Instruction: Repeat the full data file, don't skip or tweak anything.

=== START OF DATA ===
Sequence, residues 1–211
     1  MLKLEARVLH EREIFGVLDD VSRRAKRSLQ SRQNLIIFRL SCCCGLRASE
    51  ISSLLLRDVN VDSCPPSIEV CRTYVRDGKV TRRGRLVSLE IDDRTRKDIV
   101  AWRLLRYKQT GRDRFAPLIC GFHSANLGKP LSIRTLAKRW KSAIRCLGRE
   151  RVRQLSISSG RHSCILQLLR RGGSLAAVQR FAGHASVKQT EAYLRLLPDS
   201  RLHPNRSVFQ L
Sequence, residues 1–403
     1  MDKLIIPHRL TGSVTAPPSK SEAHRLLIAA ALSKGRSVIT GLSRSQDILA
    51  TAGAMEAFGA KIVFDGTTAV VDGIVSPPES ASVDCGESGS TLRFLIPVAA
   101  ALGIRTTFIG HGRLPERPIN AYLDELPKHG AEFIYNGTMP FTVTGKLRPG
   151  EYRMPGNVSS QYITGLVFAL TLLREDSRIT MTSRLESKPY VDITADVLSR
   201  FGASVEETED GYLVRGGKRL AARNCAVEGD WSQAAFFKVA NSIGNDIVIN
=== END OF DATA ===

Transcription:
Sequence, residues 1–211
     1  MLKLEARVLH EREIFGVLDD VSRRAKRSLQ SRQNLIIFRL SCCCGLRASE
    51  ISSLLLRDVN VDSCPPSIEV CRTYVRDGKV TRRGRLVSLE IDDRTRKDIV
   101  AWRLLRYKQT GRDRFAPLIC GFHSANLGKP LSIRTLAKRW KSAIRCLGRE
   151  RVRQLSISSG RHSCILQLLR RGGSLAAVQR FAGHASVKQT EAYLRLLPDS
   201  RLHPNRSVFQ L
Sequence, residues 1–403
     1  MDKLIIPHRL TGSVTAPPSK SEAHRLLIAA ALSKGRSVIT GLSRSQDILA
    51  TAGAMEAFGA KIVFDGTTAV VDGIVSPPES ASVDCGESGS TLRFLIPVAA
   101  ALGIRTTFIG HGRLPERPIN AYLDELPKHG AEFIYNGTMP FTVTGKLRPG
   151  EYRMPGNVSS QYITGLVFAL TLLREDSRIT MTSRLESKPY VDITADVLSR
   201  FGASVEETED GYLVRGGKRL AARNCAVEGD WSQAAFFKVA NSIGNDIVIN